Davao City Mayor Rodrigo Duterte has taken his advocacy for federalism to a different level, saying concentration of power in a highly centralized government based in Metro Manila has spawned biases against people from the provinces, including heroes and historical personalities.
“You are so unfair. Your heroes here like Jose Rizal and Andres Bonifacio are installed on pedestals and their birthdays are declared public holidays,” Duterte told members of the different Rotary Clubs of Metro Manila who gathered at the Century Park Sheraton in Manila on Wednesday evening.
“But what have you done to our hero, Lapu-lapu, the first Filipino to fight the imperialists? You named a fish after him and everyday you have fried Lapu-lapu and escabecheng Lapu-lapu,” the mayor said, drawing wild laughter from the Rotarians.
“Lapu-lapu is our hero and he ends up on the chopping board. We have another hero from Bohol, Francisco Dagohoy, who fought the Spaniards but his name is also given derogatory meaning,” Duterte added.
“In police lingo, “Dagohoy” means a ‘holdupper,’” he said.
There are also other heroes from southern Philippines, among them Sultan Kudara, who ruled the plains of Central Mindanao in the 1600s and fought invading Spaniards in bloody hand-to-hand combat.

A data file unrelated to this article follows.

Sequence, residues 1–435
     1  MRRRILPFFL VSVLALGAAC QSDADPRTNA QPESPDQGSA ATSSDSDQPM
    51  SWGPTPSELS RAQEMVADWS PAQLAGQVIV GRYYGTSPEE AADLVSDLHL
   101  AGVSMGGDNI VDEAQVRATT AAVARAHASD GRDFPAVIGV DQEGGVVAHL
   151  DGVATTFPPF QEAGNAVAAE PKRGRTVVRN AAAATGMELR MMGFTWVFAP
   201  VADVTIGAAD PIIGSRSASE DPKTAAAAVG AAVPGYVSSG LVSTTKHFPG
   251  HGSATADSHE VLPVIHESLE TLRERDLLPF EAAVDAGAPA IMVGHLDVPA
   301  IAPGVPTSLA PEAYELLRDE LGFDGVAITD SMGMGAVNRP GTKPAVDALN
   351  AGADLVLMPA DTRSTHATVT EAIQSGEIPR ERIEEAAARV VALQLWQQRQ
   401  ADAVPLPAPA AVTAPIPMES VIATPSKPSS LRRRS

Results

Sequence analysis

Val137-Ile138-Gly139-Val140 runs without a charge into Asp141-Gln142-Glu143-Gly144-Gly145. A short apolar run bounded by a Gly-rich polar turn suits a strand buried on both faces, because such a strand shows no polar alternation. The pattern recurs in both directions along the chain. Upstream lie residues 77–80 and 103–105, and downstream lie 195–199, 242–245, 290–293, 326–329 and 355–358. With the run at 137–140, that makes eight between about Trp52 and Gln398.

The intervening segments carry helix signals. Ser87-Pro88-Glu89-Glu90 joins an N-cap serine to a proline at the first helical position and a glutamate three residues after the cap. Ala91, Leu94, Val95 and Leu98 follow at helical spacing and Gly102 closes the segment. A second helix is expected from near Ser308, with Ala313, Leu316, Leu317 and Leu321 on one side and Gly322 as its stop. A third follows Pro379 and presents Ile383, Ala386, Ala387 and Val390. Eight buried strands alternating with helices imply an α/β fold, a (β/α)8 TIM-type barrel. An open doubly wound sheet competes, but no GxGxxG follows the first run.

He was declared a national hero, perhaps the only Muslim to be accorded the honor, by then-President Ferdinand Marcos.
Along with Lapu-lapu and Dagohoy, Sultan Kudarat is also largely unknown among people in northern Philippines.
“You have always looked at Mindanao as a distant star. But we are Filipinos just like you and
I am here to ask you to make us feel that we are your brothers,” Duterte also told the
The colorful Davao City mayor’s appearance before the members of the different Rotary Clubs was part of the “Listening Tour” that he started in January.
The tour has brought him to different parts of the country to advocate for a shift from the presidential unitary form of government to a federal parliamentary form.
Duterte said a highly centralized government where almost every action by local government units requires approval from the central government has stunted the growth of the regions.
He cited a proposed Light Rail Transit (LRT) project for Davao City that was submitted to the National Economic and Development Authority (NEDA) for review and assessment.
“It has been there for three years now but so far I have not received a word on whether they will approve it or not,” the mayor said.
The proposed LRT project is planned to connect the southernmost barangay (village) of Davao City to its northern district to cut travel time and address expected traffic congestion with the projected growth of the city.
The South Korean consultants who have proposed the project, however, have complained that they have been given the run-around in Metro Manila.
“Kaya ang dapat itawag sa NEDA ay NADA, as in walang nada [So NEDA should be called Nada or nothing],” Duterte said.
After his Manila meeting with the Rotarians, Duterte flew to Bacolod City, Negros Occidental, for another leg of the “Listening Tour.”